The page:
NYU Press, 01/02/2005 - 279 páginas
Framed in Article II of the Constitution, presidential powers are dictated today by judicial as well as historical precedent. To understand the ways the president wields power as well as how this power is kept in check by other branches of government, Harold J. Krent presents three overlapping determinants of the president's role under the Constitution-the need for presidential initiative in administering the law and providing foreign policy leadership, the importance of maintaining congressional control over policymaking, and the imperative to ensure that the president be accountable to the public.
Article II itself is quite vague, never defining the “executive” power with specificity.
The discrete powers granted to ... for instance, does it specify whether Congress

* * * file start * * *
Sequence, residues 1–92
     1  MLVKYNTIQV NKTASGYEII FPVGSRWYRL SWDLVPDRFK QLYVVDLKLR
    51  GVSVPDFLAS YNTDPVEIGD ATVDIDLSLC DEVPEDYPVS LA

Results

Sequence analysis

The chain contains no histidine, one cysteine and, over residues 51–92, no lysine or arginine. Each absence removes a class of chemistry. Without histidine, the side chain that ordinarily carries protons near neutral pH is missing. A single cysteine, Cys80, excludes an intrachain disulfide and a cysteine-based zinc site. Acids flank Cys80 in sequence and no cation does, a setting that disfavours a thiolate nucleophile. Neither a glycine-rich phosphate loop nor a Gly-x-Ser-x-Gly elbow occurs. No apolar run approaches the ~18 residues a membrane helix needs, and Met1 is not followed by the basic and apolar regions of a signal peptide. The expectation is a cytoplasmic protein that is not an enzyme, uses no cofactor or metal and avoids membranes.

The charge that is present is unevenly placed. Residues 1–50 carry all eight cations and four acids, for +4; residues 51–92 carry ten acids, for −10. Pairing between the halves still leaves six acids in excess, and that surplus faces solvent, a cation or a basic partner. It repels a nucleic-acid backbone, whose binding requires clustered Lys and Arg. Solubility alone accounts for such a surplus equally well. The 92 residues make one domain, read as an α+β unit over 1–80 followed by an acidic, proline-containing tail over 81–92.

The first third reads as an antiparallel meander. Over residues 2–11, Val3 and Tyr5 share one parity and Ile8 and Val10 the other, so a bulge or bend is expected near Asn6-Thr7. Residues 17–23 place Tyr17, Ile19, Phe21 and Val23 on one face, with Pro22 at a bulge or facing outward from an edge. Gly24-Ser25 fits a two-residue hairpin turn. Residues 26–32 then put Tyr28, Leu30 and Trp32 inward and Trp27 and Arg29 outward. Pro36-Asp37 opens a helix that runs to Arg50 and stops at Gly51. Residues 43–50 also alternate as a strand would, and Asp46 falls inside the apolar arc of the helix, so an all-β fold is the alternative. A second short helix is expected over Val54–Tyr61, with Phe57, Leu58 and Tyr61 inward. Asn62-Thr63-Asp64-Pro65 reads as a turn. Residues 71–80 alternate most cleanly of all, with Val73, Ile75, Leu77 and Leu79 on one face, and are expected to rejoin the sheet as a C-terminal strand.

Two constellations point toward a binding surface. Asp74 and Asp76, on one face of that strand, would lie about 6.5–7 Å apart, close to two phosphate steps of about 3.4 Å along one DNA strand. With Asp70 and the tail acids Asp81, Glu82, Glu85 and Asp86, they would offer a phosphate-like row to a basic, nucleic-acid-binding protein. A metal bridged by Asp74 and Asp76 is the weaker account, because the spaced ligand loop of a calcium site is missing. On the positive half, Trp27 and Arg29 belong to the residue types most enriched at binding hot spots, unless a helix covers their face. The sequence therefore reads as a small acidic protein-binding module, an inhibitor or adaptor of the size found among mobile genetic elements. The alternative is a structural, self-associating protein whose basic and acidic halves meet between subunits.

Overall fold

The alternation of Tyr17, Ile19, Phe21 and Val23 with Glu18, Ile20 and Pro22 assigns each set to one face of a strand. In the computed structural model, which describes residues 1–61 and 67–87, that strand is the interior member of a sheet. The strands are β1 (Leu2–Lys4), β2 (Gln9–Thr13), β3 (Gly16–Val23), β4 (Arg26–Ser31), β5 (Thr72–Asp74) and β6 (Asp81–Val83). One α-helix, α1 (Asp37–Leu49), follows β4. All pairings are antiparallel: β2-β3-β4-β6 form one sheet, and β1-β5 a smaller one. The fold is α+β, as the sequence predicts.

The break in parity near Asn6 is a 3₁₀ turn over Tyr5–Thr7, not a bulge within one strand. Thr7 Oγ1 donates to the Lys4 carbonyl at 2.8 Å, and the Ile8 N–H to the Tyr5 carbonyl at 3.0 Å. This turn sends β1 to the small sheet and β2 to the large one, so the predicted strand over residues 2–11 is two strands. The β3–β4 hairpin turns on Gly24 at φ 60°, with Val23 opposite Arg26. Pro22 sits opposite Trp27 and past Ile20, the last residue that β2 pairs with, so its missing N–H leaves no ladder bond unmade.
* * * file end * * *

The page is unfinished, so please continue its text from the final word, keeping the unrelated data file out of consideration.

or the president can remove executive branch officials. The Constitution also is ...
... the executive powers of a monarch but also intended the executive to be a
counterweight to legislative powers that many believed had expanded
dangerously in the years following the Revolutionary War.2 The lack of an
executive branch ...
22 Moreover, Congress has directed officials within the executive branch to
protect the public, whether from a terrorist threat abroad or from a narcotics threat
within. Congress under Article I enjoys the authority to determine the identity of
Although some executive orders stem from authority delegated by Congress,
most arise from the president's inherent authority under Article II to manage the
executive branch. As the D.C. Circuit recently explained: “Article II, § 1 of the ...
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2 The Executives Power over Foreign Affairs
3 The Protective Power of the President
4 Presidential Immunities and Priviledges
5 The Pardon Power